Increasingly, faculty and students are crossing the silos of academic disciplines. Interdisciplinary collaborations are key to solving some of society’s greatest challenges. Here are a few of the Volunteers striving to make a difference through unique and sometimes surprising partnerships.
Tourism in Appalachia
Tim Ezzell, lecturer and research scientist in the political science department, and Rachel Chen, professor in the Department of Retail, Hospitality, and Tourism Management and director of the UT Center for Sustainable Business and Development, are researching how to better understand and improve tourism in Appalachia. The researchers received a $200,000 grant from the Appalachian Regional Commission to examine trends in Appalachian tourism and identify strategies to help communities cash in on the industry. The study will take place in 13 states, and the report will be published in 2019.
Understanding Motion in Cells
A project involving Professor of Biochemistry and Cellular and Molecular Biology Andreas Nebenfuehr, Associate Professor of Mathematics Vasileios Maroulas, and Assistant Professor of Chemical and Biomolecular Engineering Steven Abel aims to better understand how plant cells transport substances internally. The team’s diverse academic backgrounds have combined to create new methods for understanding how these processes work—leading to potential advances in everything from crop yields to fighting disease.
Little STEM Library
In order to make STEM (science, technology, engineering, and math) books more accessible for children, faculty members Lynn Hodge, associate professor of theory and practice in teacher education, and Katherine Ambroziak, associate professor in the School of Architecture, are working with graduate students and Knoxville’s Green Magnet Academy to design and construct a small library featuring STEM-themed picture books that can be checked out by elementary students. The team is looking at design from the students’ perspective and hopes to gain an understanding of how to involve students in the design process.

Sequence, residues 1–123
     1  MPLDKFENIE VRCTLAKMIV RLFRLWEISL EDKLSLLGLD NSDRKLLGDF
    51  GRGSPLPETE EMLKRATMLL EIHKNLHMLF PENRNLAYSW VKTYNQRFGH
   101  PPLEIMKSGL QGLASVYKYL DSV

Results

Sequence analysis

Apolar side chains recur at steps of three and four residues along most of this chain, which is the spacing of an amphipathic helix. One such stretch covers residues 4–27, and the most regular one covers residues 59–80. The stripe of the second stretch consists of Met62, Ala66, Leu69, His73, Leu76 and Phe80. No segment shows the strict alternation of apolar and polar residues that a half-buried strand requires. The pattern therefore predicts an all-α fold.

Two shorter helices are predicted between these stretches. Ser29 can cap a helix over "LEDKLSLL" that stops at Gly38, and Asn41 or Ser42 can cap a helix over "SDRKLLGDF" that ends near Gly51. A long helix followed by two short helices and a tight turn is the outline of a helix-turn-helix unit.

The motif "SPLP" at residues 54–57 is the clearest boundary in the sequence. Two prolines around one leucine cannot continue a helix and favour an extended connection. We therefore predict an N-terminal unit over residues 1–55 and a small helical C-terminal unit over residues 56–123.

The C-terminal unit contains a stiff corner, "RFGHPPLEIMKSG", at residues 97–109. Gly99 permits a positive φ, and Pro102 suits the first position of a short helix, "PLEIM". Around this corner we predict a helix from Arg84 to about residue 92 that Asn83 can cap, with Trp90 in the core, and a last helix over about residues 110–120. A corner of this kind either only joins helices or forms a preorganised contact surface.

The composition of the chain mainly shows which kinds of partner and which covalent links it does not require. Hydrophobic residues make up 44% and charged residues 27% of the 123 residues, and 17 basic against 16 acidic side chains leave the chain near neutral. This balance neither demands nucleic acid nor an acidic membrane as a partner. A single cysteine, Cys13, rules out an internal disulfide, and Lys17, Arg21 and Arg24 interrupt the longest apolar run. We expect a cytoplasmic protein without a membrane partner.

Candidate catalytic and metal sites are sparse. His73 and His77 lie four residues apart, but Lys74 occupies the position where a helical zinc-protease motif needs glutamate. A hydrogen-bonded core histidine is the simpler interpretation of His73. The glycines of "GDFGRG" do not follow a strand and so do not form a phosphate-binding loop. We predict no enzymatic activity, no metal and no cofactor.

Center for the Dynamics of Social Complexity
A collaboration between multiple colleges and the National Institute for Mathematical and Biological Synthesis, this newly established center focuses on human social behavior. Researchers use mathematical, biological, social, and computational sciences to study topics including cooperation, conflict, cultural evolution and dynamics, mass behavior and psychology, social norms, and societal resilience and stability.
This story is part of the University of Tennessee’s 225th anniversary celebration. Volunteers light the way for others across Tennessee and throughout the world.
Learn more about UT’s 225th anniversary